Research roles are starting to pop up on product teams everywhere. There is a lot more to researching than meets the eye but often there are not enough people to do the research right, or there is one person tasked with doing everything research related – which can be challenging! How can research practitioners successfully set up and run smooth Research Operations to help provide insightful data to the wider team and gain the credibility they deserve?
There is a lot of discussion about why you should do Usability Testing and how to run the actual test itself. However, what do you do with all of this data once you have gathered it? How do you analyse it and what does it mean for you as a business, and as a Design process? Here we discuss the next steps you should take in order to get the most from your testing.
How do you know if your customers are satisfied with your product or service? How do you know what you are offering is meeting your customer needs? Businesses need to know which channels to use in order to gain valuable customer feedback. The insight gained will inform the decisions you make going forward. How valuable is your product or service if it doesn’t meet your customer needs?
Usability Testing is a User-Centred Design process that evaluates a digital product or service by testing it with real Users. It is not to be misunderstood as market or purely qualitative research, which is gathering only opinions about an object or document. Instead it involves observing how well people successfully complete tasks with a product or service. Rather than showing a person an object and only asking their opinion, they have to complete a series of tasks. This allows for the collection of both qualitative and quantitative data.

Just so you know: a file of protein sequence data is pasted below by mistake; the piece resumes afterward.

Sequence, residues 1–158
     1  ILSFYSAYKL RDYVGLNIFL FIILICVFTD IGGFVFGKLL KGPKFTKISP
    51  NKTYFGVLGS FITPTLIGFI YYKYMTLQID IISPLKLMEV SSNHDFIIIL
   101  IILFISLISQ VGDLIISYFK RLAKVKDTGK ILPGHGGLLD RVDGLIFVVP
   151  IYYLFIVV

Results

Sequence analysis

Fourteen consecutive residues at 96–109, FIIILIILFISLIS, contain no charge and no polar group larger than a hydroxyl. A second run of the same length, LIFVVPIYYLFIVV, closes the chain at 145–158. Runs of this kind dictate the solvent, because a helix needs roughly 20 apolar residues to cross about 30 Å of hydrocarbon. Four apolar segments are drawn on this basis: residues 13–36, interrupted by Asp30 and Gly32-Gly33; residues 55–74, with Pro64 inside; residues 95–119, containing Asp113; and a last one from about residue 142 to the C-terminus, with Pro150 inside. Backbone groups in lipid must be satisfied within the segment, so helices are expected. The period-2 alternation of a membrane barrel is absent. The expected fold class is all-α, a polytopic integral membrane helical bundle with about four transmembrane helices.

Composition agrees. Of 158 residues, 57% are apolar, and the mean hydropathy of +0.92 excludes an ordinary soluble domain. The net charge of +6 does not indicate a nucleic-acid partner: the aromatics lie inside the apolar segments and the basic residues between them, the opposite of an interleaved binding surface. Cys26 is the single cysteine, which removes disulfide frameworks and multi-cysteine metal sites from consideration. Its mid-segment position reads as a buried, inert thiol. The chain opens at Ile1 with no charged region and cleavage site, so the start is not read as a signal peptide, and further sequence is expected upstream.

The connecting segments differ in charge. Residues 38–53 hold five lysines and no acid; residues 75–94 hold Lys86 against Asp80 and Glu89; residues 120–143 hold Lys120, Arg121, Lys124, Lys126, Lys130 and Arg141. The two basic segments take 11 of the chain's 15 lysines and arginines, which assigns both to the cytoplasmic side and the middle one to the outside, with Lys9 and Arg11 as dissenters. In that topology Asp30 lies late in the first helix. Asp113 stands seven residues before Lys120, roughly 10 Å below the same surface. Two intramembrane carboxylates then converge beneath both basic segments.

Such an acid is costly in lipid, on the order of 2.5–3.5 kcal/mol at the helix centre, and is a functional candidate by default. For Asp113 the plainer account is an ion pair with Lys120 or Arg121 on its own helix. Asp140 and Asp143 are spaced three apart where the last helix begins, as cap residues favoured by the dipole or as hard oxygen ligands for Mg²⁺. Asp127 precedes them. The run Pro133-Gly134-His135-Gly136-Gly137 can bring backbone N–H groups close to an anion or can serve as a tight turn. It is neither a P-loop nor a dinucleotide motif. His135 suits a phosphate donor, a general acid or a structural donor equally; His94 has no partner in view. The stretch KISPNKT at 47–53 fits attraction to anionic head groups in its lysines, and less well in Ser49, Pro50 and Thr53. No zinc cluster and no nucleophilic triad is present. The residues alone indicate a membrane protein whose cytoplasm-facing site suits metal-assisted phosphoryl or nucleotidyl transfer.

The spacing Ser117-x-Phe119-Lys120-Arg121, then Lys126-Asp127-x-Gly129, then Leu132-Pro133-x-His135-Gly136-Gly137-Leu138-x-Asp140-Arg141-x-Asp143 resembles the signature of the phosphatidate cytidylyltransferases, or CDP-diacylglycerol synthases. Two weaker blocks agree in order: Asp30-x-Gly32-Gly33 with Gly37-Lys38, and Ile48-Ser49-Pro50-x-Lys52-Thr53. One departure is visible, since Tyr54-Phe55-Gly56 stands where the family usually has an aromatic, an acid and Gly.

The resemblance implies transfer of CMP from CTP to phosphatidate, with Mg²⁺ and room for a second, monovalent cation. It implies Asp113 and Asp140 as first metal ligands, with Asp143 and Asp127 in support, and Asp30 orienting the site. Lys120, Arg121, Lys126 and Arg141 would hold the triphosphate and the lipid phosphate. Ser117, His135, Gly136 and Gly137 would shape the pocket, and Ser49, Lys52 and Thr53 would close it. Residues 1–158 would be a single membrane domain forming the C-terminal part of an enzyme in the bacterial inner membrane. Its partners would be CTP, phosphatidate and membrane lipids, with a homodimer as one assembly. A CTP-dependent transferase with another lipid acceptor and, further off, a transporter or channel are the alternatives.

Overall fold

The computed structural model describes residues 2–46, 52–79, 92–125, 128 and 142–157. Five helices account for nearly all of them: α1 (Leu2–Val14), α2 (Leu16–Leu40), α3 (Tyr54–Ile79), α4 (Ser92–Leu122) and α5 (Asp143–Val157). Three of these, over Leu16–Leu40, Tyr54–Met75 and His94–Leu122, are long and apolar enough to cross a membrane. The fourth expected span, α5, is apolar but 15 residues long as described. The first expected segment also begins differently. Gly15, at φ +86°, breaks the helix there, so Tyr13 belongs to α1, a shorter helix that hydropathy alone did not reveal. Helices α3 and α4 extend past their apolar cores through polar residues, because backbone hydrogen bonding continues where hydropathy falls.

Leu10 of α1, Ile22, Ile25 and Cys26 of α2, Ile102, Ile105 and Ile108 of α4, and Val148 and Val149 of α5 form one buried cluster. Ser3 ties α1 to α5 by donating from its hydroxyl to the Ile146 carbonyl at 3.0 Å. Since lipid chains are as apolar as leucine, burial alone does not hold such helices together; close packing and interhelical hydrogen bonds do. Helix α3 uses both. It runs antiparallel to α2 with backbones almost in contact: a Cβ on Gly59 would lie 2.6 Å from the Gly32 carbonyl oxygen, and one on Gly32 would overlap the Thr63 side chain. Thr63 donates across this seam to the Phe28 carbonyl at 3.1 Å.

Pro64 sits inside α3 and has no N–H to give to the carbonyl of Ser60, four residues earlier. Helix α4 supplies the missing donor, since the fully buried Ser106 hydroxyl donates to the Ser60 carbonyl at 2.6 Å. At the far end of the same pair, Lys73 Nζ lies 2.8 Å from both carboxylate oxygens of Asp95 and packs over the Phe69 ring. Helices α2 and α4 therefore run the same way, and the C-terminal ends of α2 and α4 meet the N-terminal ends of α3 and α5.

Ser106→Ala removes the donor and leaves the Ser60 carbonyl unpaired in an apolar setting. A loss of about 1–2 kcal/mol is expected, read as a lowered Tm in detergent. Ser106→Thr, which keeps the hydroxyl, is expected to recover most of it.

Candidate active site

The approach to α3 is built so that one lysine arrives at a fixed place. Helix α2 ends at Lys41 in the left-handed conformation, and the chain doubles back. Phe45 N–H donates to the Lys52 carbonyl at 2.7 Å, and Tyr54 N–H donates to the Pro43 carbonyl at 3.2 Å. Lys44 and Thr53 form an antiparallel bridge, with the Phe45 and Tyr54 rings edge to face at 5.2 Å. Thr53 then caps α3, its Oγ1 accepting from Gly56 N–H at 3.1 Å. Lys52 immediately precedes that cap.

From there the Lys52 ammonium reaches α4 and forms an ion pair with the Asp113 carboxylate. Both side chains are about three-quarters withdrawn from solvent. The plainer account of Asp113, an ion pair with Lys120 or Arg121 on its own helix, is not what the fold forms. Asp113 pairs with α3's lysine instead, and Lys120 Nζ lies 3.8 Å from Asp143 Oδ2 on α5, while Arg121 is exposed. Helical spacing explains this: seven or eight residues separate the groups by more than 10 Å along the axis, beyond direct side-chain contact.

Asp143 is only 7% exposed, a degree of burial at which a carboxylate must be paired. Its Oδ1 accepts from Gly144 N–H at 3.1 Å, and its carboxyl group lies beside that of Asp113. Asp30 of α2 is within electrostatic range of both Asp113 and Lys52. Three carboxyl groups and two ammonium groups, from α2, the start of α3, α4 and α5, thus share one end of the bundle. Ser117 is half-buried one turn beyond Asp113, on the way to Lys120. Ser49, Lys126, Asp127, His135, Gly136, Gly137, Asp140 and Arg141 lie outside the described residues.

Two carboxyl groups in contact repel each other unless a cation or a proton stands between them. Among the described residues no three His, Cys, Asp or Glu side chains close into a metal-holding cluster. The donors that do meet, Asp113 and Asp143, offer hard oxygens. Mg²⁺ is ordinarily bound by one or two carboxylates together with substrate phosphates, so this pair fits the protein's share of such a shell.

Usability Testing has been around for some time and is seen as one of the main components in User-Centred Design. It is a useful technique that allows designers and developers to identify pain-points and Usability issues at an early stage, and thus lets them be resolved before it damages reputation or becomes too costly to do so too much. One of the early adopters of Usability Testing was Apple. In this blog post I am going to examine their relationship with it based on their Design guidelines from 1982.
When working on a project such as a website, software or an app, it is very important to identify who your typical users are. A User Persona will give you insight into a user’s mental model, their decision-making process and context of usage. This will provide you with a clear understanding of who will ultimately use your product. If your product design process does not consider personas, it may result in loss of time, sales and a negative User Experience.
Whenever I heard the word ‘recruit’, it was met with a shiver down my spine. “Recruiting? Me? I’d rather walk the plank.” Let’s admit it, it can be a daunting task to call your family doctor – never mind recruiting participants over the phone for a Usability Test.
One of the most common mistakes design teams make is rushing a product to market before testing on users. Sure, the whole internal team understand the product inside out, how could your users not? Quite easily actually. It’s a simple mistake to make, and one that we have all made in the past, but testing on real users can save you both time, money, and heartache in the long run.